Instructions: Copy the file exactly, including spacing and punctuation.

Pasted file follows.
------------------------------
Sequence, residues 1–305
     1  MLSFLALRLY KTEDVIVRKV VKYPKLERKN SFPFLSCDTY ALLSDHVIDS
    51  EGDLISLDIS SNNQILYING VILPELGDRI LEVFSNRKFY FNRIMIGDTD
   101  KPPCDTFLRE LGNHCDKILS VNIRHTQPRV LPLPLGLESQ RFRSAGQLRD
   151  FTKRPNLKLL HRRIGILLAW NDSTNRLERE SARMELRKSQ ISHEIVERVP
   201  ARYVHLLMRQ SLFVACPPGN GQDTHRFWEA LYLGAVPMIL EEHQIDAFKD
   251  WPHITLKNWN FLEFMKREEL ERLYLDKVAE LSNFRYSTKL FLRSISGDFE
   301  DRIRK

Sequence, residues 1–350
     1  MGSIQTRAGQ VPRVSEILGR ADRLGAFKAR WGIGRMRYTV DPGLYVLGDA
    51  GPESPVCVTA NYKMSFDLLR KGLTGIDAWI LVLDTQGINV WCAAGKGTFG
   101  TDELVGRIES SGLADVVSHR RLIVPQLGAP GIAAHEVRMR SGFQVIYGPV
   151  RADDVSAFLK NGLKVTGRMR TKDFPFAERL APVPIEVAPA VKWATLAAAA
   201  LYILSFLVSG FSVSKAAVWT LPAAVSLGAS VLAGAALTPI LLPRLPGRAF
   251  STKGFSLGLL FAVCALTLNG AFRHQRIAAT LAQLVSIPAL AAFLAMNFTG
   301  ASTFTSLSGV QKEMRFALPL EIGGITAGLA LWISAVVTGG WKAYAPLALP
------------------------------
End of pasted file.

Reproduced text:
Sequence, residues 1–305
     1  MLSFLALRLY KTEDVIVRKV VKYPKLERKN SFPFLSCDTY ALLSDHVIDS
    51  EGDLISLDIS SNNQILYING VILPELGDRI LEVFSNRKFY FNRIMIGDTD
   101  KPPCDTFLRE LGNHCDKILS VNIRHTQPRV LPLPLGLESQ RFRSAGQLRD
   151  FTKRPNLKLL HRRIGILLAW NDSTNRLERE SARMELRKSQ ISHEIVERVP
   201  ARYVHLLMRQ SLFVACPPGN GQDTHRFWEA LYLGAVPMIL EEHQIDAFKD
   251  WPHITLKNWN FLEFMKREEL ERLYLDKVAE LSNFRYSTKL FLRSISGDFE
   301  DRIRK

Sequence, residues 1–350
     1  MGSIQTRAGQ VPRVSEILGR ADRLGAFKAR WGIGRMRYTV DPGLYVLGDA
    51  GPESPVCVTA NYKMSFDLLR KGLTGIDAWI LVLDTQGINV WCAAGKGTFG
   101  TDELVGRIES SGLADVVSHR RLIVPQLGAP GIAAHEVRMR SGFQVIYGPV
   151  RADDVSAFLK NGLKVTGRMR TKDFPFAERL APVPIEVAPA VKWATLAAAA
   201  LYILSFLVSG FSVSKAAVWT LPAAVSLGAS VLAGAALTPI LLPRLPGRAF
   251  STKGFSLGLL FAVCALTLNG AFRHQRIAAT LAQLVSIPAL AAFLAMNFTG
   301  ASTFTSLSGV QKEMRFALPL EIGGITAGLA LWISAVVTGG WKAYAPLALP